NUS BBA alumna Sylvia Lim (Class of 1993) is the Executive Director of UBS, advising private clients in wealth management. Looking back at her days in NUS Business School, she remembers fondly lecturers like Prof Annie Koh (who has left NUS) who taught her investment analysis, as well as her friends whom she is still in touch. She has served briefly in Bizad Alumni about 10 years ago, stopping when she pursued her Master of Science in Wealth Management degree.
Outside-In speaks to Sylvia, who maintains her passion for business all these years, and is eager to share her experience and mentor students.
NUS BBA alumna Sylvia Lim is the Executive Director of UBS.
Q: What was life like in NUS Business School for you?
I think of my alma mater very fondly even until today. It was a place where I not only received a good academic foundation over four years (more if you consider my NUS Master of Arts in Southeast Asian Studies), I also build a network of very firm lifelong friends.
I remember spending a lot of time in the libraries. We did not have a lot of computer resources then. Teaching and learning were done conventionally and there were no online resources or Google. One often had to go to the library to do research or follow up on the references given by the lecturer and tutors. So we met up with fellow friends in libraries and canteens and that was often how relationships were formed as we exchanged notes, ideas and tips.
Apart from school work, we also spent a lot of time on fun and meaningful activities. I was pretty active in the BizAd Society, helping to organise activities for fellow undergraduates. I also participated in larger scale events at the NUS Students’ Union, serving in the organising committee for the annual Rag and Flag Day. We had the honour of hosting the late President Wee Kim Wee who graced the occasion. I recalled we took quite a number of photos with him, but in an age where there were no Facebook and Instagram, I never know where those photos landed.
Sylvia still keeps in touch with her friends from NUS Business School.
Q: It seems like finance is something close to your heart. Why did you decide to major in finance?
With captivating lecturers like Assoc Prof Ang Swee Hoon, I was in fact more interested in marketing subjects. Though it has been more than 20 years since I left school, I can still remember what the lecturers taught and what we did for our projects. I majored in Finance eventually because I often did well in those subjects. It was also because I have the belief that no businesses can thrive without proper financial management. So I wanted to learn essential finance that would serve as the bedrock to my business education.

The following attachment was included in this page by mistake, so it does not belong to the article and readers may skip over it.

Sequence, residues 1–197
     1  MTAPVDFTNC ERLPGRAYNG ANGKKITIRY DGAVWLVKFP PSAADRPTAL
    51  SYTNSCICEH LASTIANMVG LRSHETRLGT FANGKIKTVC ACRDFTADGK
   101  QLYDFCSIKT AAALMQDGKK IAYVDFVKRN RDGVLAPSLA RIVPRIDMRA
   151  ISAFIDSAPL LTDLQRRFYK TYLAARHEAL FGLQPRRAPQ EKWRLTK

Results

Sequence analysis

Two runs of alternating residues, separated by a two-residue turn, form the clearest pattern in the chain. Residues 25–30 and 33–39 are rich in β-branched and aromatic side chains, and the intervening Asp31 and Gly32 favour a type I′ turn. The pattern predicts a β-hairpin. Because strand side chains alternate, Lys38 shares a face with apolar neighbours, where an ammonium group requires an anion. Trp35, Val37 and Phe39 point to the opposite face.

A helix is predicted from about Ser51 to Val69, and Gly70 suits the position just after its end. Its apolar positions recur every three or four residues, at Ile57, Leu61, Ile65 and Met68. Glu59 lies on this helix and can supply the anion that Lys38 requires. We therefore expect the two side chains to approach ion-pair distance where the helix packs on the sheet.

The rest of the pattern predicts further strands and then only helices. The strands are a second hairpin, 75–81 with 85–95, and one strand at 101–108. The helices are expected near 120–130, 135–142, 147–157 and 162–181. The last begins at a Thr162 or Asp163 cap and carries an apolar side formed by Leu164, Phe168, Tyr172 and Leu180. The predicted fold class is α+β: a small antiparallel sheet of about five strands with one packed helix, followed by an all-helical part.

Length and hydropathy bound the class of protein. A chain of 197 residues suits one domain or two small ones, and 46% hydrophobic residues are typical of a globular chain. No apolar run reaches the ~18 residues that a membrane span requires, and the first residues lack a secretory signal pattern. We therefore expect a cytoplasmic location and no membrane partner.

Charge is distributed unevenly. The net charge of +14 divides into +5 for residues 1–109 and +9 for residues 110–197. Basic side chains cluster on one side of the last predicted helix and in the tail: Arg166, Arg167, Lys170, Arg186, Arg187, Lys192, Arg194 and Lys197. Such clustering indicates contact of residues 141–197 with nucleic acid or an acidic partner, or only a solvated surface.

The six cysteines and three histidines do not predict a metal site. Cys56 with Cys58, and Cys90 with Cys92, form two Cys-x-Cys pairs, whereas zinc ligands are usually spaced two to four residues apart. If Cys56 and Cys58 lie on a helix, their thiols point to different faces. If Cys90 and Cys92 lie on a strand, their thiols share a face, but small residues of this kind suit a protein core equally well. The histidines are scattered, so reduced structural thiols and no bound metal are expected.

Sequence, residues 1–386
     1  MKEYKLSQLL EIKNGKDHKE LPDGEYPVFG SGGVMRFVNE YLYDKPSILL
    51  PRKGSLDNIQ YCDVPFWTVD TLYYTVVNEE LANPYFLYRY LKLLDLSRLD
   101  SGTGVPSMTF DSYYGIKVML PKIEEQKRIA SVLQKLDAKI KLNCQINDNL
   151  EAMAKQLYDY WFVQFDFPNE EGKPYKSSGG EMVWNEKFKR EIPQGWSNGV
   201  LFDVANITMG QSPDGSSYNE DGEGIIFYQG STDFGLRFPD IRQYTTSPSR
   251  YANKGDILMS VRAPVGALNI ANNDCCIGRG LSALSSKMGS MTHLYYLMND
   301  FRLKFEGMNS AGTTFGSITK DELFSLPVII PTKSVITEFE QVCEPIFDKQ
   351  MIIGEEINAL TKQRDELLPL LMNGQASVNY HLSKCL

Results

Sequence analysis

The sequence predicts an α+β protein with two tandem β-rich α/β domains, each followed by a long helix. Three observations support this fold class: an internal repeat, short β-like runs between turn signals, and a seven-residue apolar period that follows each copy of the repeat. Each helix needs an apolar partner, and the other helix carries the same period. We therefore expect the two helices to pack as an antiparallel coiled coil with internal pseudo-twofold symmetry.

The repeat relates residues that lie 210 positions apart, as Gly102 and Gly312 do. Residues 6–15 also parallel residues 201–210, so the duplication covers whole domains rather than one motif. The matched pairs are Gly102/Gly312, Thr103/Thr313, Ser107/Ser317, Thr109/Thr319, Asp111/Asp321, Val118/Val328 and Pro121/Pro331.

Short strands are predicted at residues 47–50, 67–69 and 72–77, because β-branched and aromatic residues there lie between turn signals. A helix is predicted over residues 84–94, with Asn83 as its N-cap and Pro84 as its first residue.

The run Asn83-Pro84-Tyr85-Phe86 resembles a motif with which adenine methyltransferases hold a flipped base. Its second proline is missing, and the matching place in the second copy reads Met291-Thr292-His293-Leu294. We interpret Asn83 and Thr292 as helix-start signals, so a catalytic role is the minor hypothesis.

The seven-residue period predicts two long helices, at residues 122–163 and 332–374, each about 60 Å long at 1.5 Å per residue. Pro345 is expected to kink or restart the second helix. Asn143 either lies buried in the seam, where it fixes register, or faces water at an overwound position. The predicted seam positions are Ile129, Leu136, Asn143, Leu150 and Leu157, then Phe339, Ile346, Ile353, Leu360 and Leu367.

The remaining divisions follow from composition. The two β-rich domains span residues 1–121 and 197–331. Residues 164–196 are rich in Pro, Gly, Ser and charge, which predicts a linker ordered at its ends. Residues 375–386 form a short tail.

Q: How has the finance industry changed since you graduated?
The level of sophistication has increased tremendously. This manifests in the way we provide advice, as well as the types of investment products for high net worth clients and retail clients. The whole industry has become more dynamic and international. Even clients’ demands and needs have shifted given the exposure, technology advancements and how Asia has become the growth region. All these developments have helped to shape our financial landscape which continues to evolve at a fast pace. As we speak, the focus in recent months on digital banking licenses underlies the fact that the industry is continually being disrupted. This would be an exciting decade to witness new transitions.
Q: What advice would you give to your juniors who are looking to venture into finance?
The finance space is very exciting and dynamic, and constant learning is key. One should also learn to be adaptable. Resilience and hard work are a must. Try not to take shortcuts even when the short term goals may seem to be more pressing. Integrity, doing things right, creating value through building one’s expertise and staying relevant would ensure a more sustainable career.
Q: Financial crises can happen. What advice would you give to young Bizaders when they run into future financial crises or other negative events?
My advice would be to stay calm and do your best for your clients. A global financial crisis would be a time of fear and panic in the markets. It is a time where bankers can exercise discretion through experience, compassion, and make certain decisions that are beyond the capabilities of robo-advisers. The ability to assuage clients’ fears and the ability to help them assess information for decision-making would be important. This is akin to a doctor helping a patient who is in critical condition. You may not be able to control or guarantee the outcomes, but you can lighten the burden and make an impact in the process.
At UBS, Sylvia (second from left) served in a regional volunteer programme to help children and youths in Dharavi, India.